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Trondheim, Norway

Baranski M.,432 as | Baranski M.,Norwegian University of Life Sciences | Moen T.,432 as | Moen T.,Norwegian University of Life Sciences | And 2 more authors.
Genetics Selection Evolution | Year: 2010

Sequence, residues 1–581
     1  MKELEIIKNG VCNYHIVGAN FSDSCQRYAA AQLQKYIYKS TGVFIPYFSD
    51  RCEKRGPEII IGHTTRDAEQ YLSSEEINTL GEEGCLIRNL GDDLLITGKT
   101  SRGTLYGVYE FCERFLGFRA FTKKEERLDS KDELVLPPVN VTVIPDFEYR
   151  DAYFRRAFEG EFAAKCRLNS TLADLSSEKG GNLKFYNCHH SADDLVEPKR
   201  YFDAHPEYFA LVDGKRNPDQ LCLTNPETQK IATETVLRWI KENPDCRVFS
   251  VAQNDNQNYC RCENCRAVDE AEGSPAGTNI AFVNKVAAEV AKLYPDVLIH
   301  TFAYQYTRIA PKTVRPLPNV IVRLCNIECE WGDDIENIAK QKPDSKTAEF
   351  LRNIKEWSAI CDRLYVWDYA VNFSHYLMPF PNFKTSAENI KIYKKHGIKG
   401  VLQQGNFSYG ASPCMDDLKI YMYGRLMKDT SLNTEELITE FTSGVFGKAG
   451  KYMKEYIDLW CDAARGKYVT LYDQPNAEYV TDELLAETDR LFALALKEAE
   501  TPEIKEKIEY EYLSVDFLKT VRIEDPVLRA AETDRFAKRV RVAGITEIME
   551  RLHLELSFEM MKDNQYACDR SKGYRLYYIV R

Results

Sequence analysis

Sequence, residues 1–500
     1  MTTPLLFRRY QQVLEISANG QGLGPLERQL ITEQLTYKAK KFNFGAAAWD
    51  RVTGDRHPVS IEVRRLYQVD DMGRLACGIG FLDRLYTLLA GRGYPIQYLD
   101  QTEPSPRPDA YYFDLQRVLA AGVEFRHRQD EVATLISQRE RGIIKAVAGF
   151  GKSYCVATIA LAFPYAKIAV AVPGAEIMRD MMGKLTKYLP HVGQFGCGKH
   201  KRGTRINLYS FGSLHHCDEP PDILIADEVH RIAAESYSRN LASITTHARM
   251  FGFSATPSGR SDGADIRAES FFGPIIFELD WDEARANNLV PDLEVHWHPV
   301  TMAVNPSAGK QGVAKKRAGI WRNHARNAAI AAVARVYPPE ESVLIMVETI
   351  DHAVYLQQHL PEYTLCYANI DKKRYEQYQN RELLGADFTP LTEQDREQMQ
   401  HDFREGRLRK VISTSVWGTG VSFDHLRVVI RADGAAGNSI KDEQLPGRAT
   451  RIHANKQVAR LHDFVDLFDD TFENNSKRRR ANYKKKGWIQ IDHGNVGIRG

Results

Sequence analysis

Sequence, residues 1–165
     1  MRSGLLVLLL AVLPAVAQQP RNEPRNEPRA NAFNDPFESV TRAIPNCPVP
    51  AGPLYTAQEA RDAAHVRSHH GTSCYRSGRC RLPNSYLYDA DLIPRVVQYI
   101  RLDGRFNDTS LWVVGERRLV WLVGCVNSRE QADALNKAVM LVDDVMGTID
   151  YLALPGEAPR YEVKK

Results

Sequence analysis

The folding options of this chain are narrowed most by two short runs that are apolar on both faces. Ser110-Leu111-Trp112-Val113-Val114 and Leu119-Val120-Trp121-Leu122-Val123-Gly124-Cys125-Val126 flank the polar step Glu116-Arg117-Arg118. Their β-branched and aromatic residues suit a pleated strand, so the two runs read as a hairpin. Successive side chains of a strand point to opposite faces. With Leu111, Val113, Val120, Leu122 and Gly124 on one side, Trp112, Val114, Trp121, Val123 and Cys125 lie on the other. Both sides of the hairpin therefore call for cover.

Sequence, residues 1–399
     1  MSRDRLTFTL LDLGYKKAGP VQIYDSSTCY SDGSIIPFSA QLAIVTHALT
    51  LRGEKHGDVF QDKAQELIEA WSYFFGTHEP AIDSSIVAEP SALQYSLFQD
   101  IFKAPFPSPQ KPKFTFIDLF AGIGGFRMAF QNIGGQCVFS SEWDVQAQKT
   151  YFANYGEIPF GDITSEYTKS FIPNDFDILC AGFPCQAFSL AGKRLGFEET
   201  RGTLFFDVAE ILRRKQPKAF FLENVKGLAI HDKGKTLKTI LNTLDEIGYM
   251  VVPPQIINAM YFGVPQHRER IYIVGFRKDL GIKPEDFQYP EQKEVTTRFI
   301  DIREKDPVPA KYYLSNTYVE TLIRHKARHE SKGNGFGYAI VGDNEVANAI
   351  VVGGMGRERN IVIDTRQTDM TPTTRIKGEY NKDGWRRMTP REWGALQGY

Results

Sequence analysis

Background: Flesh colour and growth related traits in salmonids are both commercially important and of great interest from a physiological and evolutionary perspective. The aim of this study was to identify quantitative trait loci (QTL) affecting flesh colour and growth related traits in an F2 population derived from an isolated, landlocked wild population in Norway (Byglands Bleke) and a commercial production population. Methods. One hundred and twenty-eight informative microsatellite loci distributed across all 29 linkage groups in Atlantic salmon were genotyped in individuals from four F2 families that were selected from the ends of the flesh colour distribution. Genotyping of 23 additional loci and two additional families was performed on a number of linkage groups harbouring putative QTL. QTL analysis was performed using a line-cross model assuming fixation of alternate QTL alleles and a half-sib model with no assumptions about the number and frequency of QTL alleles in the founder populations. Results: A moderate to strong phenotypic correlation was found between colour, length and weight traits. In total, 13 genome-wide significant QTL were detected for all traits using the line-cross model, including three genome-wide significant QTL for flesh colour (Chr 6, Chr 26 and Chr 4). In addition, 32 suggestive QTL were detected (chromosome-wide P < 0.05). Using the half-sib model, six genome-wide significant QTL were detected for all traits, including two for flesh colour (Chr 26 and Chr 4) and 41 suggestive QTL were detected (chromosome-wide P < 0.05). Based on the half-sib analysis, these two genome-wide significant QTL for flesh colour explained 24% of the phenotypic variance for this trait. Conclusions: A large number of significant and suggestive QTL for flesh colour and growth traits were found in an F2 population of Atlantic salmon. Chr 26 and Chr 4 presented the strongest evidence for significant QTL affecting flesh colour, while Chr 10, Chr 5, and Chr 4 presented the strongest evidence for significant QTL affecting growth traits (length and weight). These QTL could be strong candidates for use in marker-assisted selection and provide a starting point for further characterisation of the genetic components underlying flesh colour and growth. © 2010 Baranski et al; licensee BioMed Central Ltd.